Even as the reality of Democratic People's Republic of Korea leader Kim Jong-il’s death sunk in, speculation in Washington centred on the likely spike in uncertainty in the politics of that country and its potentially reduced engagement with the world that this could engender in the medium term.
In the face of the murky succession question in the DPRK reaction from the White House appeared to focus on the question of maintaining stability in the region. This was underscored by a phone call between President Barack Obama and President Lee Myung-bak of the Republic of Korea at midnight on Monday following news of Mr. Kim’s passing.
In the conversation the U.S. President reaffirmed his country’s “strong commitment to the stability of the Korean Peninsula and the security of our close ally, the Republic of Korea,” the White House said in a statement, adding that the two leaders would be staying closely in touch as the situation developed.
Commenting on the all-important nuclear question Richard Bush, Director of the Centre for Northeast Asian Policy Studies at the Brookings Institution said that “With Kim’s death the prospects for regional negotiations on North Korea’s nuclear program and other issues in the near term are very low.”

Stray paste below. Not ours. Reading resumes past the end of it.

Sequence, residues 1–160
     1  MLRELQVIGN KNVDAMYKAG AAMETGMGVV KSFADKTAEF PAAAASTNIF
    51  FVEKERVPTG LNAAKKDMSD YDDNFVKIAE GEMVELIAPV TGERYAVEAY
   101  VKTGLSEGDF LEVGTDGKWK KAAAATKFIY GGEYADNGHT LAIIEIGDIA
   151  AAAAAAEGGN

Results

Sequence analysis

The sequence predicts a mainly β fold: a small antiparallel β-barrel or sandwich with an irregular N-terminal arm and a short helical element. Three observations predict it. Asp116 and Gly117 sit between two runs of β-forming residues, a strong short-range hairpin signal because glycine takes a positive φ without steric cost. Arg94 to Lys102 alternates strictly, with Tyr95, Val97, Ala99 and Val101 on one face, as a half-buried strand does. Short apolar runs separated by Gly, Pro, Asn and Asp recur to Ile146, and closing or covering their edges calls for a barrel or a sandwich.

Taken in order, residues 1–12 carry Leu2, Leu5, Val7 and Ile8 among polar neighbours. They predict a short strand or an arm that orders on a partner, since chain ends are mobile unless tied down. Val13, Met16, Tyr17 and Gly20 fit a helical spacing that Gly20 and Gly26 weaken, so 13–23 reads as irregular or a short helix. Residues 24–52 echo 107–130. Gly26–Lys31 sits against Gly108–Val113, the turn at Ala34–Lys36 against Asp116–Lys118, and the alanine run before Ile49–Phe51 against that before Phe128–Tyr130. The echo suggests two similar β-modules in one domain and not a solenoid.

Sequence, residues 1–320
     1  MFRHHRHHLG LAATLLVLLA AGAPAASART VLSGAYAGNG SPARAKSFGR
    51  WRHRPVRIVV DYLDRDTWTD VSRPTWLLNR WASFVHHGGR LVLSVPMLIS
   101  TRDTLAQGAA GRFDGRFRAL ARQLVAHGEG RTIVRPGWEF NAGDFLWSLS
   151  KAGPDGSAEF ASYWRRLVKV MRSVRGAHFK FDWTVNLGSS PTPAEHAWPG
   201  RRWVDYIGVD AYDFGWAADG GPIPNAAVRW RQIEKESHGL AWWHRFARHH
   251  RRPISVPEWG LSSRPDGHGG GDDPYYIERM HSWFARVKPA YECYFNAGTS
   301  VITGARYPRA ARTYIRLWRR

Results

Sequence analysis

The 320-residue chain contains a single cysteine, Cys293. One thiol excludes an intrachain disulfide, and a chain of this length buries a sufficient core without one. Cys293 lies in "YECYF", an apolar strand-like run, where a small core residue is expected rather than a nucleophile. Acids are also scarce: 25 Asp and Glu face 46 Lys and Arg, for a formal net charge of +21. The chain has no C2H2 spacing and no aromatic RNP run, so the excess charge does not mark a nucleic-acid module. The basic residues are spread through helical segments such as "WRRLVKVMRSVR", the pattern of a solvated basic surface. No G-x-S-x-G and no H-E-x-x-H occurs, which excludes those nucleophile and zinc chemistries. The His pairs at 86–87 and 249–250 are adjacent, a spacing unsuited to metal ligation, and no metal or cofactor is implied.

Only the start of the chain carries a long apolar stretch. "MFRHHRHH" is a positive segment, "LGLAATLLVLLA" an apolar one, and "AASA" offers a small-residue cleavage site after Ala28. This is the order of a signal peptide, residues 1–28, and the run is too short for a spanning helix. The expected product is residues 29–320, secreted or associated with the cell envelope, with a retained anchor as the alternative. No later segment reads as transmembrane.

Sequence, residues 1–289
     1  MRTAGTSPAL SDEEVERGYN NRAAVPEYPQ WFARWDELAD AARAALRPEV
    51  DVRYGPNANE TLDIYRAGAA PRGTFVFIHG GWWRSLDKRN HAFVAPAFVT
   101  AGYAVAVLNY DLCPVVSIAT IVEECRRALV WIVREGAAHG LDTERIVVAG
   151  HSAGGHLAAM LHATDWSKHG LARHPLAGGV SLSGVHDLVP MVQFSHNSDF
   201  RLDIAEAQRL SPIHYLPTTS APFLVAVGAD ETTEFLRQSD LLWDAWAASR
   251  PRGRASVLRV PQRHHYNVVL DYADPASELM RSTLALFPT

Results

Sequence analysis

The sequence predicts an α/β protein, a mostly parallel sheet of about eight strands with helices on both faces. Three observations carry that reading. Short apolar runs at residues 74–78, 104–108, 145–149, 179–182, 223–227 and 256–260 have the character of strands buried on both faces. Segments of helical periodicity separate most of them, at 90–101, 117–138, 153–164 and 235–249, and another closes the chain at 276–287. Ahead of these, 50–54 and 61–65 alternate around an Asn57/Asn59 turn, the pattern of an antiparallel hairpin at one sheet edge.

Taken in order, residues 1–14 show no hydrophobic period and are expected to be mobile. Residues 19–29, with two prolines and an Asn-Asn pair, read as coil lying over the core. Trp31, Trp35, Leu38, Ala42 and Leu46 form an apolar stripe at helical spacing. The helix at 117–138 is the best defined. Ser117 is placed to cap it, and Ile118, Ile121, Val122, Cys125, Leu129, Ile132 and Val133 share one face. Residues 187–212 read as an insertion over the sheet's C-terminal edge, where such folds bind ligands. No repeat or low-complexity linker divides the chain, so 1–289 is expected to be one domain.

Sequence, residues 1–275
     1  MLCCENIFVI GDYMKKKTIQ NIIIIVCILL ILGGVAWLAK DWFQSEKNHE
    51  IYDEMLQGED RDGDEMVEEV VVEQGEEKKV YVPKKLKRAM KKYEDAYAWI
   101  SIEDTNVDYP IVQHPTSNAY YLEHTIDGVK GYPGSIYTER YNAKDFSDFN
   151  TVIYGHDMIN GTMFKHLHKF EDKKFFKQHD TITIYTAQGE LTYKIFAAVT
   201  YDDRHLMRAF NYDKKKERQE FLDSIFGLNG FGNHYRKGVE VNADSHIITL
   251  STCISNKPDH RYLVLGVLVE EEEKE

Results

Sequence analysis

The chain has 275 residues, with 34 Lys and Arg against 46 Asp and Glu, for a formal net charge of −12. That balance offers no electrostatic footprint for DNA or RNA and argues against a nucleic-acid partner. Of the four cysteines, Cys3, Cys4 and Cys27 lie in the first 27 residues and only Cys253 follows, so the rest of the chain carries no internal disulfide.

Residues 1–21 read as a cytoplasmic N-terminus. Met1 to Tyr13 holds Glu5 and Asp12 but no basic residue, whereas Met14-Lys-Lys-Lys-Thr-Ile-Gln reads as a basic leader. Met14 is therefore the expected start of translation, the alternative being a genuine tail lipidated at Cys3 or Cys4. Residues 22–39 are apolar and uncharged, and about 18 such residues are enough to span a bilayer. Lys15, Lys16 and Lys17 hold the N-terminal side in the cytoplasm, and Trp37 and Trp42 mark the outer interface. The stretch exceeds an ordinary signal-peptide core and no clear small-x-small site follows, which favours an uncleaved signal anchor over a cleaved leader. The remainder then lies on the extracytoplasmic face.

Mr. Bush noted that any successor regime would have to consolidate itself before it would be prepared to engage the United States, South Korea, and others. “While there had been movement towards such engagement... little can happen now,” he added.
In comments to the BBC former U.S. Assistant Secretary of State Christopher Hill, who led the delegation of the six-party nuclear talks on North Korea, said that he thought that the North Korean military was “going to be less inclined to do things with the international community [and] the Chinese are going to try and get in there very early and try to figure it out.”
Suggesting that the “heir-apparent, Kim Jong-un, [was] truly not ready [to be a] prime time player,” Mr. Hill said that that would imply that the country’s military would have a lot to say and Jang Song-taek, the brother-in-law of Kim Jong-il may have “a big role to play.”
Others however did not support the view that there was cause for concern in terms of the role of China in the future of DPRK politics. Robert Gallucci, President of the MacArthur Foundation and a specialist on the region’s politics, said, “I do not think we need to be overly concerned about a too-close relationship between Beijing and Pyongyang.”
He argued that the U.S. had gone to the Chinese many times since the Clinton administration through the Bush administration and possibly in the Obama administration too, “to get the Chinese to play a more active role in encouraging the North to be open to more negotiations...”
Dr. Gallucci further noted that significant changes in U.S. policies towards North Korea were unlikely. He said, “That there has been a willingness to engage the North directly in talks and to provide food assistance and other kinds of assistance and ultimately to improve the political relationship provided we can get the performance we need from the North Koreans that we need on their nuclear programme.” Dr. Gallucci said that such performance would entail initially a freeze on and then ultimately the dismantling of the programme.